It’s time to talk about Bonfire Night.
Families will be flocking to fields all over the country to view spectacular firework displays, smoke from bonfires and barbeques will be filling the air, and kids and adults alike will be excitedly waving around sparklers in the shape of their initials.
This day resonates with people all over Britain. For most it means celebrations in the form of mesmerising firework displays, huge bonfires and sparklers, making for a picture perfect night. However, this night of celebration turned into a night of devastation for Ben and Thomas.
Ben, only four at the time, suffered life threatening injuries when a firework became trapped in his coat, leaving him with lifelong scarring after undergoing multiple surgeries, which he still has to endure to this day. Thomas suffered superficial burns to his face, hands and arms after a piece of firework debris exploded when he picked it up out of curiosity.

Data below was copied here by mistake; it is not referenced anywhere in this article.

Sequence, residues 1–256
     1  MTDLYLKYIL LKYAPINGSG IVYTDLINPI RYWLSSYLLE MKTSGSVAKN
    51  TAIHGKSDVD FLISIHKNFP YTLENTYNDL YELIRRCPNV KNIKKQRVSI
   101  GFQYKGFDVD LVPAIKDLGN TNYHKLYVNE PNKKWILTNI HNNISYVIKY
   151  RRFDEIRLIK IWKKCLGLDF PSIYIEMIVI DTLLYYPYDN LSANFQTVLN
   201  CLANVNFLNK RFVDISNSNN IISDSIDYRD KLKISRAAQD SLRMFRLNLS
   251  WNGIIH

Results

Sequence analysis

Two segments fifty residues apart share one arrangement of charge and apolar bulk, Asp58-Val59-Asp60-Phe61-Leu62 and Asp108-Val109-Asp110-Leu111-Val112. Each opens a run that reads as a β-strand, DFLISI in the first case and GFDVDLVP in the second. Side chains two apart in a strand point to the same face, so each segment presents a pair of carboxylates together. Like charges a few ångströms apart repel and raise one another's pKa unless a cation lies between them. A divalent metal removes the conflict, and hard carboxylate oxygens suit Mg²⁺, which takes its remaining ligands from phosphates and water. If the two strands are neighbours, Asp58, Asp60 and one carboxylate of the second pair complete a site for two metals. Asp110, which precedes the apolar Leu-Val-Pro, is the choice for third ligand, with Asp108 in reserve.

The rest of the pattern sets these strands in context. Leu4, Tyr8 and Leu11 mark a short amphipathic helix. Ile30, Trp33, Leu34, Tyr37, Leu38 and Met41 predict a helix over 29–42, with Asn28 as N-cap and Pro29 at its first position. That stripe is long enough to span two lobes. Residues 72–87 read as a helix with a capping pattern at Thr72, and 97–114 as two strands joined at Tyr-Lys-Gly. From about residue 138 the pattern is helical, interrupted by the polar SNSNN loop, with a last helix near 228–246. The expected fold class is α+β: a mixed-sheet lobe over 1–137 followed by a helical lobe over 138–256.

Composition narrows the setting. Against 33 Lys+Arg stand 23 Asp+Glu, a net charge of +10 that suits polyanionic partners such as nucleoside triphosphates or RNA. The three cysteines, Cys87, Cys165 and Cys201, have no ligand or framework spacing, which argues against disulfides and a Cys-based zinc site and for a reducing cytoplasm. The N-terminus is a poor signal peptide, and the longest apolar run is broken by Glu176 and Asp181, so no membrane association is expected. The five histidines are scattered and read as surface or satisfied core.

Both of these harrowing incidents took place at firework displays that were not professionally organised. Figures from hospitals in England show a 47 per cent increase in firework injuries from 2014/15, with 168 people being admitted to hospital. Fireworks must be handled with safety precautions in place to avoid tragic incidents.
RoSPA recommends that the safest place to enjoy fireworks is at a large organised event. We advise against holding firework displays at home, as even if the safety guidelines are followed tragedy can still strike unexpectedly. However if you do hold your own display, the safety of yourself, your family, friends and neighbours must be the number one priority. By following simple safety steps disastrous consequences can be avoided.
We don’t want you to go through what Ben and Thomas did, so work together to stay safe this Bonfire Night.
Sheila Merrill, public health adviser
Posted: 10/30/2017 3:19:04 PM